Consequences of Stabilization Policies for the Poor

As scandalous an omission as it may seem, given the importance of the topic, economists know very little about the distributional consequences of stabilization policies in developing countries. There is no systematic empirical evidence on the subject, and information can only be pieced together from isolated case studies, with the usual problems of comparability involved. One is thus reduced to a fairly abstract discussion about the likely impact that the policies listed above can have on the distribution of income, given what is known about the latter.

There is evidence on increases in absolute poverty on the one hand and on stabilization efforts on the other in the same country and during the same period, but the difficulty is to link these two elements.

First of all, empirical problems stand in the way. There is hardly any time-series information about the size distribution of income across households, especially in the poorer developing countries. India, the Philippines, and a few other countries have some survey data, but this is not generally true for developing countries as a whole, for the simple reason that such survey data are expensive and difficult to collect and are politically very sensitive.

Second, seemingly insurmountable analytical problems exist. Although inferences can be made from an analysis of a concrete situation, it is extremely difficult to determine the causality of events. Analytically sophisticated applied models, such as the fairly recent computable general equilibrium (CGE) models for developing countries, are a promising beginning. Simulation experiments with these models (which have all been constructed for middle-income countries such as Korea, Turkey, Thailand, Egypt, Cameroon, the Philippines, and Colombia- not for low-income countries) have established some important facts. Dervis, de Melo, and Robinson wrote, "There are certainly significant changes in the relative distribution among socio-economic groups, with some groups gaining in absolute terms in spite of an overall decline in real income as a result of the external shock" [17]. It is difficult to generalize conclusions across countries (or groups of countries), however, because "differences in economic environment alone suffice to make different groups gain or lose, even with the same adjustment policy. Different adjustment policies also have quite different effects on the distribution" [17].

On the other hand, the distribution of income is precisely the weakest link in those CGE models, which seem too mechanical to depict the complexities of the situation involved. Using such a model, Adelman and Robinson [18] found in the case of Korea that the distribution of factor income is very sensitive to policy changes, but that the size distribution is remarkably stable with respect to those same policy changes. It is difficult to explain this puzzle in the framework of the model itself, because it does not consider dimensions that are important in poor countries, such as the variance of income within the same category of households, the unequal distribution of assets, etc.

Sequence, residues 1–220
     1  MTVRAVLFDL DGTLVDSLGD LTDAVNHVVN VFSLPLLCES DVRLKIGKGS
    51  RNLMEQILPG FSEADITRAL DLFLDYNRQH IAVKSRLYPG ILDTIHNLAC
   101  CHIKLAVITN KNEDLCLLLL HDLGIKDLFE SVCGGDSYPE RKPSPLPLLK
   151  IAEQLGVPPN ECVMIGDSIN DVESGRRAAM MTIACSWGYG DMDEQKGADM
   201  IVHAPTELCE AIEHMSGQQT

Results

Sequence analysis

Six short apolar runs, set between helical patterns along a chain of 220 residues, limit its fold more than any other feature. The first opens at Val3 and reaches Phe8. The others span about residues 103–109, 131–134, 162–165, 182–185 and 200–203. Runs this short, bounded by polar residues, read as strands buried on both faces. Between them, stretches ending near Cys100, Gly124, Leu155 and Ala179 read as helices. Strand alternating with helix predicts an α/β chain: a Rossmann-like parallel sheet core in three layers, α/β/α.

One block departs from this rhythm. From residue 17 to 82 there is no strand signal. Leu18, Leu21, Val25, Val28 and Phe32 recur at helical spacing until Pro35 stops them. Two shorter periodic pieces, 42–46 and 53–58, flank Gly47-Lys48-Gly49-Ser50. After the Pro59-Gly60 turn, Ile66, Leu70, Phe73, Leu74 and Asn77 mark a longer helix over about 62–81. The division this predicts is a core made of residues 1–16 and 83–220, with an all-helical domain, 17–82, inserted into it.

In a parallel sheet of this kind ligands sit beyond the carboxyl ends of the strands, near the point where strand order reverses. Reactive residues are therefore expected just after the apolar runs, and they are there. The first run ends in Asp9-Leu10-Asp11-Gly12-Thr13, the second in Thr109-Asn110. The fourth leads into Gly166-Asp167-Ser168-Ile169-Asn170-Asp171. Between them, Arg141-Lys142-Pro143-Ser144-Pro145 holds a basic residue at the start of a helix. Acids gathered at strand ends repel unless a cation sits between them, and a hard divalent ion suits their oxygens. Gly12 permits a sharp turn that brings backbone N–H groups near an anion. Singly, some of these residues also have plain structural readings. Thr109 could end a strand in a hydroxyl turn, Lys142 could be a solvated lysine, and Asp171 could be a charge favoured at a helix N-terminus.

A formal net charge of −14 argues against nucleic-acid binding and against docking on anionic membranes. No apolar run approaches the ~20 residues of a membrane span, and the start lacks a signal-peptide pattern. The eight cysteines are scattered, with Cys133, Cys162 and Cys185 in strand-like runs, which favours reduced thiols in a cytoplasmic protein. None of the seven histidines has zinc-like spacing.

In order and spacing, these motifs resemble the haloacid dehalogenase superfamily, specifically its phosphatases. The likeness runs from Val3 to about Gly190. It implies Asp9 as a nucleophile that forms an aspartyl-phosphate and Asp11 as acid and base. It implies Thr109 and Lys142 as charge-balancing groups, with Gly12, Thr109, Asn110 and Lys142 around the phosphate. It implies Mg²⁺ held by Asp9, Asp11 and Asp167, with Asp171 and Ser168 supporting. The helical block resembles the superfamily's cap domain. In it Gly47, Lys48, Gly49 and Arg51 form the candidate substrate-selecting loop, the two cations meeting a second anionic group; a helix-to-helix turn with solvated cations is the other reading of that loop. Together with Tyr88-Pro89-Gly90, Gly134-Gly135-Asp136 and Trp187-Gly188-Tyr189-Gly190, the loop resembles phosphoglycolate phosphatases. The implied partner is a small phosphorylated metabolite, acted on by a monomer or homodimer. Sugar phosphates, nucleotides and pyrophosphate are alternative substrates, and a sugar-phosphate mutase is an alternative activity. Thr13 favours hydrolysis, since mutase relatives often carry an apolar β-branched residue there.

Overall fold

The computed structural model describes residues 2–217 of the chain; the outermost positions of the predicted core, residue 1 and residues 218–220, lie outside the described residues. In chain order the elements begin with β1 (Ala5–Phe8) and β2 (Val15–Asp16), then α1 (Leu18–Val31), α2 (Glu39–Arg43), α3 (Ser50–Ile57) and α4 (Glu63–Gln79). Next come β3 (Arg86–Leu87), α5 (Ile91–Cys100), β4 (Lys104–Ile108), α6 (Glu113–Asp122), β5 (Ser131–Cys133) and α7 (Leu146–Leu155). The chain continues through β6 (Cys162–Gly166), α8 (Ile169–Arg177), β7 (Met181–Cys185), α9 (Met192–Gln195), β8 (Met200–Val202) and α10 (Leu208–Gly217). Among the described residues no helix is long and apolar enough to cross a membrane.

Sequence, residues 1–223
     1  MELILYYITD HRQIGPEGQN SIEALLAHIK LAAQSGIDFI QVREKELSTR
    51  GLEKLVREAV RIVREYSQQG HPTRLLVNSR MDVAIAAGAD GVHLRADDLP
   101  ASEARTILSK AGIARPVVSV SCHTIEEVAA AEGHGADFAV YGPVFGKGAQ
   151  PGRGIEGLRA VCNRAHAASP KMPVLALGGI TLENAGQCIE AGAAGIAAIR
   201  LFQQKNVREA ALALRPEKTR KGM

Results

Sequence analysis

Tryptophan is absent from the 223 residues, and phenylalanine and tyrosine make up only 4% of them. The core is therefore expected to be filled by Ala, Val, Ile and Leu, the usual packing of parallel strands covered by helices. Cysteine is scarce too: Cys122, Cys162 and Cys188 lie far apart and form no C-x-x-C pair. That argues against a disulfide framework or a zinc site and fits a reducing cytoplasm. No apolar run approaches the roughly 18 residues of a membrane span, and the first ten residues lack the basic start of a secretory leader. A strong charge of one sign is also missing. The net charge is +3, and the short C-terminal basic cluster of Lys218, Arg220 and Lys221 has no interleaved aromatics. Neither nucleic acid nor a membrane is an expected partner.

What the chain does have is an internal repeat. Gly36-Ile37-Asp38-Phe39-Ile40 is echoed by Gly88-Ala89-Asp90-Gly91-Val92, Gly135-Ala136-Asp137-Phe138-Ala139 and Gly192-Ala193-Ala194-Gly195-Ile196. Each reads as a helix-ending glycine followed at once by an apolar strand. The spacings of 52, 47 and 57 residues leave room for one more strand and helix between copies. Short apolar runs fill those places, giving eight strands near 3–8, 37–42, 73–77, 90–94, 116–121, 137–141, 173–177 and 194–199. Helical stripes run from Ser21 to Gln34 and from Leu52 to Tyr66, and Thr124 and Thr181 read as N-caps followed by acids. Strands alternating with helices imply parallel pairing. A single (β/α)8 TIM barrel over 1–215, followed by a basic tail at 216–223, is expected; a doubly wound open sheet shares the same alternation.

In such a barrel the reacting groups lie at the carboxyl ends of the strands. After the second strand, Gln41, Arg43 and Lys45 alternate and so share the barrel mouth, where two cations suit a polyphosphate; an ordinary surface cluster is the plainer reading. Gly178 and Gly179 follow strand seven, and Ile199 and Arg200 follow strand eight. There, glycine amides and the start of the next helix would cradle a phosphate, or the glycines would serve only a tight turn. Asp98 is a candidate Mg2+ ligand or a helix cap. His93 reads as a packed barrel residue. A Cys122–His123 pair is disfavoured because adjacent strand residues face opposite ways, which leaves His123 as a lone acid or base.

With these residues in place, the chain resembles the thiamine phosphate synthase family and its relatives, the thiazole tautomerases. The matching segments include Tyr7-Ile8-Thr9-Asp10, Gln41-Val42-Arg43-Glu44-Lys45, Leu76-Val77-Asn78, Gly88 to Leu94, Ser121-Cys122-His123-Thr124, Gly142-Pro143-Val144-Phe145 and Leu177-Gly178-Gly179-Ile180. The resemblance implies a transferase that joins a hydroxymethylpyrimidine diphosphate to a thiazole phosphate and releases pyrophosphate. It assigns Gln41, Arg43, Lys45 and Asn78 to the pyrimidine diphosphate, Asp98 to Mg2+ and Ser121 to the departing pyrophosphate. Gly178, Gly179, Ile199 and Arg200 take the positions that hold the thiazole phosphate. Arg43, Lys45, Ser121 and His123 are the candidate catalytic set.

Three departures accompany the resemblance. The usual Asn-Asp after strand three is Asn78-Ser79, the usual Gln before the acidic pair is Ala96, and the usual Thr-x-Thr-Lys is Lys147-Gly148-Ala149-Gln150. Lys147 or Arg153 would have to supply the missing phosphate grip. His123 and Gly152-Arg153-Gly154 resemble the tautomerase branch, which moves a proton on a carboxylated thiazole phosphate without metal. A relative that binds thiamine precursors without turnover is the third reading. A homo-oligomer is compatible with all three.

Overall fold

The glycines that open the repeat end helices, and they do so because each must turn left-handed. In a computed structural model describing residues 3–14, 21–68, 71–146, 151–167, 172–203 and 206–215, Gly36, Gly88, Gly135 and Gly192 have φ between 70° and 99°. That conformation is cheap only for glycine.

The same group of households can lose in real terms from the point of view of the factor distribution (e.g., a real wage decline for farm workers' families), but will probably try to compensate this loss by seeking additional employment for women or children, by diversifying its activities (e.g., agriculturalists being at the same time artisans) in order to hedge against risks of real income losses, or by selling off assets.

In the absence of conclusive evidence, the short-term effect of stabilization policies on absolute poverty can be analysed only on a case-by-case basis, with knowledge of a few important stylized facts about developing countries.

In the remainder of this paper, we address implications for the poor of short-run stabilization measures. By short-run measures, we mean the traditional components of stabilization, which are (a) fiscal stabilization, (b) monetary stabilization, and (c) exchange depreciation, thus excluding liberalization attempts that increasingly accompany traditional stabilization packages. Financial liberalization, trade liberalization, and other "new orthodox'' [16] or ''neo-conservative" [19] policies are sets of microeconomic adjustment measures that have the long-term objective of improving the efficiency of the economic system and of moving the economy in a laissez-faire direction.

The reason for not discussing such policies at length is simply that their success depends very much on the particular structure and historical background of individual countries, and it is hard to generalize. "The case for microeconomic adjustment has to be made for each country based on the details of its own particular distortions and on an analysis of the likely consequences of change. The general argument for liberalization will not, and should not, be sufficient to persuade responsible policymakers to move in that direction without judging the consequences" [20]. The experience with such measures is, at best, mixed, and in most cases microeconomic adjustments impose heavy short-term costs. The experience with financial and trade liberalization in southern-cone countries (Chile 1974-1984, Argentina 1976-1982, and Uruguay 1974-1983) has been unfavourable and has had disastrous economic and social consequences [19, 21, 22].